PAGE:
I was eight when my mom left my brother's father the first time. In a 26-foot U-Haul, Mom at the helm, we moved from Long Island to Arizona without his knowledge. Bundled into a car seat at my mother's side was my infant brother -- precious, smuggled cargo; to the back of the truck, our green Honda was hitched. This was a multi-vehicle pilgrimage, a fleet of nurses relocating to Phoenix in search of a better life, more affordable housing and a booming geriatric population for which to care. Eileen's blue car was out front, our pacesetter, and Loretta's red Hyundai trailed the U-Haul. It was here that I held shotgun, beside Loretta, my mother's best friend. She owned one cassette tape -- the Dirty Dancing soundtrack -- which became our soundtrack as we moved from ocean to desert.

She's like the wind.

My mom bought her first house in Peoria, AZ (a townhouse, technically). My brother's father -- the man who would become my stepdad -- tracked us down and moved in.

My mom bought me a new bedroom set for my new room. She let me pick out all of the pieces, which I think was sort of a consolation prize for the baby-daddy situation. I chose a daybed, and I slept on the mattress that came with it from the time I was nine until I graduated from high school. Sometime around junior year, the springs started to poke through the mattress's decorative Kokopelli fabric, but rather than ask for a new one, I just started layering blankets on top of it. By then, my mother had divorced my stepfather and he was dead, and I'm certain she would have bought me a new mattress had I complained, but the sad truth is that the thought never even crossed my mind.

Apparently, all it took was a doctor's orders. Last week, I finally laid down the cash for a new, quality mattress, all the while thinking of other things on which I'd rather spend my money. New glasses. A new chair for my living room. A new dinette set. But a good night's sleep...that's priceless right? TBD as I dream about the impending delivery of my first grown-up mattress.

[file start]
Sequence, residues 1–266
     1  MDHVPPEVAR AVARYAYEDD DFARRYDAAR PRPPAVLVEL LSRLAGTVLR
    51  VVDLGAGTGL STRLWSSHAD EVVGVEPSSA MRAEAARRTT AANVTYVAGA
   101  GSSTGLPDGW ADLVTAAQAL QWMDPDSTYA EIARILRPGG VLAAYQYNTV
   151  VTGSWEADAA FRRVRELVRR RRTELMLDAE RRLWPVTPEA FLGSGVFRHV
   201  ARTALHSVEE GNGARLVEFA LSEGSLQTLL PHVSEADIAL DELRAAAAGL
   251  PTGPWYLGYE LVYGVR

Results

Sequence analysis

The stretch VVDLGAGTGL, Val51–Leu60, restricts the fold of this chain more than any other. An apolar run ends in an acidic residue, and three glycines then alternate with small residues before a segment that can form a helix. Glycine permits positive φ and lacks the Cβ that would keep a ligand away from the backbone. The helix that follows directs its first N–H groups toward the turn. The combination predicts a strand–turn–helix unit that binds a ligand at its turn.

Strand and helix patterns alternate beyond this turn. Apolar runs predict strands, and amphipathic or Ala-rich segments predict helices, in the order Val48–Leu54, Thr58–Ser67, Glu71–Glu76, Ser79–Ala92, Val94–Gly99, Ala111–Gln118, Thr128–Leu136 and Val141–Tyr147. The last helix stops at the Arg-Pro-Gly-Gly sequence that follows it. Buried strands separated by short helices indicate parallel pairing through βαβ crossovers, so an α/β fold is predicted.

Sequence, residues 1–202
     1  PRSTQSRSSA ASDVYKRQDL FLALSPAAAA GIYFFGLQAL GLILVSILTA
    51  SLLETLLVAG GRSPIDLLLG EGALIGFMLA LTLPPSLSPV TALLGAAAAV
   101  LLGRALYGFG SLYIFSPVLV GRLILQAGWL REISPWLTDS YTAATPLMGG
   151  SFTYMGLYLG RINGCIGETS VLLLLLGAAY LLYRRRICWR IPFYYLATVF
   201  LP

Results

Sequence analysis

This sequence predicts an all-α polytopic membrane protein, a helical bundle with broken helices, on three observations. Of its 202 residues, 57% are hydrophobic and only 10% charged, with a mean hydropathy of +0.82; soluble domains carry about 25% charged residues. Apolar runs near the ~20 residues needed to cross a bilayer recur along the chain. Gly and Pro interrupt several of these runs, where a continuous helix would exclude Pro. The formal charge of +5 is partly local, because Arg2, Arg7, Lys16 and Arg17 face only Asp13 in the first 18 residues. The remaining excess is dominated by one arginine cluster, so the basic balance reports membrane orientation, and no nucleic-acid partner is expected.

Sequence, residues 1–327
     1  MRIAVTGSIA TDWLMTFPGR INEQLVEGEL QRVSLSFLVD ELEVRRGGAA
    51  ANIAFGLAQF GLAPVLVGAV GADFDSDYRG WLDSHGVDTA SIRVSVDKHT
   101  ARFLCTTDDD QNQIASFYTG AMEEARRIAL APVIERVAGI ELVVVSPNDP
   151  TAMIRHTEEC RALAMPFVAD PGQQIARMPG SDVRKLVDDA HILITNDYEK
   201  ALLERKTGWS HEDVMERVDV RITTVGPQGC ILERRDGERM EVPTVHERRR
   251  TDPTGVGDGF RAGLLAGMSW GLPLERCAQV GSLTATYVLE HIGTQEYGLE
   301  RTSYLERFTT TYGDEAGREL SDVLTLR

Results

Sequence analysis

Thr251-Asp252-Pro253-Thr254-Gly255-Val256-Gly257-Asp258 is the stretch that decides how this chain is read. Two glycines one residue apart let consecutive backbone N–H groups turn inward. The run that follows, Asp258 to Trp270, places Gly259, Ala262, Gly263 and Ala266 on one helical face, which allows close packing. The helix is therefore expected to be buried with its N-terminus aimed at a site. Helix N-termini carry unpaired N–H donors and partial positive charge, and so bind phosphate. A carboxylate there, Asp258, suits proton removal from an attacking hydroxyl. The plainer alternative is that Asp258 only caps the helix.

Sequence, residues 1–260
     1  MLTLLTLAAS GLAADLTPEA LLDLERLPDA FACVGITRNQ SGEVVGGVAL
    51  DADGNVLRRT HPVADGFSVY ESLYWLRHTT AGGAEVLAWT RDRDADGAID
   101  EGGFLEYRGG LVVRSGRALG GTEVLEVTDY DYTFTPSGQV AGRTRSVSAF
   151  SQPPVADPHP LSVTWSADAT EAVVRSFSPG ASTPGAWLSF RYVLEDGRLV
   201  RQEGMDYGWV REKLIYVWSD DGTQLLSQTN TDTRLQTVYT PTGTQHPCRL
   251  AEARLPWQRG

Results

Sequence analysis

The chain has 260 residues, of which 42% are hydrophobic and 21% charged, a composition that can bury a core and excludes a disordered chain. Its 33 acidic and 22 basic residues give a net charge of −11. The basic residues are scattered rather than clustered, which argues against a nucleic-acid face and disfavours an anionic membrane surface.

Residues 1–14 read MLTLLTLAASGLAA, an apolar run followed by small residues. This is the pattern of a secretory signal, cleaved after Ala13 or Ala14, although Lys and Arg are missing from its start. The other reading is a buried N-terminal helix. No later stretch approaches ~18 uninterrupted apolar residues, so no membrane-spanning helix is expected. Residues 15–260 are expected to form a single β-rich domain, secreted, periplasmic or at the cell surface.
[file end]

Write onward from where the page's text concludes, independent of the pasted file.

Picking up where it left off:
Friday, August 21, 2009

Gazing into the Cone

Last Friday, I rode shotgun as Dicky piloted my purple bookmobile to San Francisco, our bikes harnessed to the back. We parked the car a few blocks from Kathy's new apartment, and promptly forgot it existed, riding our bikes out of Noe Valley, down a hill, up a hill, into the Mission and beyond. On Sunday morning, I went for a run, and on a whim, decided to check on my car. It was no longer where we had parked it.

A few phone calls later I discovered it had been towed only hours after we'd abandoned it. The alarm kept going off and some folks in the neighborhood called the police. I couldn't blame them.

I had planned to spend my San Francisco Sunday riding through Golden Gate Park, visiting the Conservatory of Flowers, admiring the bridge and the bay. Instead, I embarked on a Kafkaesque car retrieval odyssey, accompanied by Kathy and Dicky, which entailed (not necessarily in this order): two visits to two different police stations, a bit of crying, two visits to two different copy shops, a strained phone call to my mother (to whom the car is still registered for complicated reasons), a sad Soju Bloody Mary, a Chimay, several cups of coffee, a trip to the tow yard and a $425 price tag.

I don't eat ice cream very often. While I'll occasionally steal a lick from another's cone, I can't recall the last time I went anywhere and had my very own serving of the stuff. On Sunday, after finally reclaiming my vehicle, we rode our bikes to Bi-Rite, stood in line for a half-hour and I ordered a motherfucking ice cream cone. It was one scoop of Salted Caramel and another scoop of Coffee Toffee. We walked across the street to Dolores Park and found a decent patch of grass in the sun where I promptly ate the shit outta that cone. Let me tell you something: Ice cream is good.

Tuesday, August 4, 2009

weekend in photos

The Long Beach Aquarium.

JD's birthday at Casa Escobar.

Hiking in Malibu Canyon.

Point Dume State Beach.

The Red Shoes, restored

I'm keeping busy.